Journalists commit to fair communication on Mozambique election

Sep 25, 2009

Filimaõ Saveca from Correio da Manhã and Ermelinda Nhatavefrom Radio Terra Verde (Photo: UNDP)
Maputo, 24 September 2009 - “Being impartial, truthful and not influencing the voter in any way will be the key principles guiding me during the current election campaign.” This was the lesson that journalist Ms. Ermelinda Nhatave from Radio Terra Verde learned during the workshop in Maputo on 10 September. She was one of the 220 journalists trained on electoral processes in Mozambique during the first weeks of September.

UNDP has helped to set up a series of workshops for journalists around the country to support the country's efforts to guarantee free and fair elections on 28 October. The institution that is responsible for this process is called "Technical Secretariat for Electoral Administration" (STAE). It is supervised by the National Elections Commission, the independent body that manages the election process. The training focused on the role of the free press in the elections and the implications of the electoral laws on news journalism. The goal is to increase awareness of the importance of free and fair election coverage among journalists.

During the 10 September workshop, a number of topics such as the role of parties, electoral procedures and the rules relating to political campaigning were raised. A point that was discussed thoroughly was the occasional discrepancy between the letter of the law and its application. The use of state resources for campaigning was another issue that was touched upon.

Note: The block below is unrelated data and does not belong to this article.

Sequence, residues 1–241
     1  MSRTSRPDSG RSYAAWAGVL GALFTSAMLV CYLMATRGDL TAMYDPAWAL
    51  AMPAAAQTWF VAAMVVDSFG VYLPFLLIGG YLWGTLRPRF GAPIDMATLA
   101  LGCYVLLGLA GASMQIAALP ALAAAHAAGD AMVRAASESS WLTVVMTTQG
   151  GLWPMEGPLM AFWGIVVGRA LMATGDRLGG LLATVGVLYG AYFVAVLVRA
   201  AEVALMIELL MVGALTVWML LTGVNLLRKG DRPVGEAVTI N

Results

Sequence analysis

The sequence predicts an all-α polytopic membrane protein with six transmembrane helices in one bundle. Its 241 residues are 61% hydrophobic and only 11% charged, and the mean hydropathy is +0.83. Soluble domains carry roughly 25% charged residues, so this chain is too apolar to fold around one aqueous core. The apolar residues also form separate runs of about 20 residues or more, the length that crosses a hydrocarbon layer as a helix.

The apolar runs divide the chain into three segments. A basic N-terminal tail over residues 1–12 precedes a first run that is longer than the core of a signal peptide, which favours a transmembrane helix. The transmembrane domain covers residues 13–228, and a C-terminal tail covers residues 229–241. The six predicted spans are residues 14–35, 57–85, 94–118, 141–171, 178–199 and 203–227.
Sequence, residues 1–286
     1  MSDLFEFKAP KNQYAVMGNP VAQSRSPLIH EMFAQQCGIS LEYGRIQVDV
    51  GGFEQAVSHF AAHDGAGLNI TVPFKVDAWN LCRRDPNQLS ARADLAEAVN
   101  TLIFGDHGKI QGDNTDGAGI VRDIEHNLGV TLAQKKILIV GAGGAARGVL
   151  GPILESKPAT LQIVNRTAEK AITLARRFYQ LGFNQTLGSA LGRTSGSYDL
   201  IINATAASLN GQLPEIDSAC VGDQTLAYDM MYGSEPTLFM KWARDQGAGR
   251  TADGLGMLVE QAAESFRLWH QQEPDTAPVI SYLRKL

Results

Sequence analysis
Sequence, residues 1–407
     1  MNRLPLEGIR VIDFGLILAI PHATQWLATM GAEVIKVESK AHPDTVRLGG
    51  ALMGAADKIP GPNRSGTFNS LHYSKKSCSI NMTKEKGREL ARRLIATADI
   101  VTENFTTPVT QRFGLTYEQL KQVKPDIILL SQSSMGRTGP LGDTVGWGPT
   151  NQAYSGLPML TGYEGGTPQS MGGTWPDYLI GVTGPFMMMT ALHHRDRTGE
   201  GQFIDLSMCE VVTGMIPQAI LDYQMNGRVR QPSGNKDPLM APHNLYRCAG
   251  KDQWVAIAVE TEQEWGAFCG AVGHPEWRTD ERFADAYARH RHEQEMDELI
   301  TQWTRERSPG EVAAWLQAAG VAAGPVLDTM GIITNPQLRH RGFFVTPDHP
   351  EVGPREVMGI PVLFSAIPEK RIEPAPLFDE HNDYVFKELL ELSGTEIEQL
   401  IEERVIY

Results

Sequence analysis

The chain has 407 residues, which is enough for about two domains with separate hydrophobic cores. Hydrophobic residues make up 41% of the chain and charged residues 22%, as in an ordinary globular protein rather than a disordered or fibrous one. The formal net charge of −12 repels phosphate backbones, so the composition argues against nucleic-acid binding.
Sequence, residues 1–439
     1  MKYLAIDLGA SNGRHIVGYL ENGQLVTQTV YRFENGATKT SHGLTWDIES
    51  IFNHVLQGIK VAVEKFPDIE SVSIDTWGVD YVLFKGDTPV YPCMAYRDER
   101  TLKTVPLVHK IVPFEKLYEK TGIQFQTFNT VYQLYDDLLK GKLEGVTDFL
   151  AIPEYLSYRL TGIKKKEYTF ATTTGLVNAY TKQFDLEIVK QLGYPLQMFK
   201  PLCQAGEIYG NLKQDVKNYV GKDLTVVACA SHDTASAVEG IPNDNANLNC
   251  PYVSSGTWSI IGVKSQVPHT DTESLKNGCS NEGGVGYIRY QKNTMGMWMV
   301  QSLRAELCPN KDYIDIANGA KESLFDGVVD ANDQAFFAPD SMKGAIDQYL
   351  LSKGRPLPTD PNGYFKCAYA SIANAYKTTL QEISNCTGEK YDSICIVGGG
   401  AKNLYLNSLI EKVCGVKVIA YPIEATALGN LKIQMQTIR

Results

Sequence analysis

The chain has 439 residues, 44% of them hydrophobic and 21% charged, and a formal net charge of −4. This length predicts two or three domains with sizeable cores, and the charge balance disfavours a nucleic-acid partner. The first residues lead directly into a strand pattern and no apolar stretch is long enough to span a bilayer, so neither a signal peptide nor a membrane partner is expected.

The importance of understanding the law was also emphasized. A veteran journalist, Filimaõ Saveca from the newspaper Correio da Manhã, said that the information received on electoral laws will definitely have a bearing on his job as a journalist. He was fully aware of the role of the press in promoting civic education.

Saveca and his colleague Ermelinda Nhatave voiced strong beliefs in the democratic development of Mozambique and said they intended to use their rights as voters. At the same time, the journalists said that political tensions might impact on their work. There was higher uncertainty about election results than during the last elections.

Mozambique's presidential, parliamentary and provincial elections will take place on  28 October. A total of 29 parties will take part in the parliamentary and provincial elections. Only three parties were able to bring forward candidates for the presidential elections. The present president, Armando Guebuza, is the candidate of the ruling party, FRELIMO. His long-time opponent from the main opposition party, RENAMO, is Afonso Dlhakama. Deviz Simago is the candidate of a new party called the Mozambican Democratic Movement, also known as MDM.

UNDP’s governance programme is working closely with the national election bodies in their work to guarantee fair, free and efficiently managed elections. A central aspect of this joint effort is to try to engage different stakeholders in the electoral process in order to build on the positive democratization process of Mozambique.

• See also: Mozambique prepares for October elections
Mozambican Election website, in Portuguese

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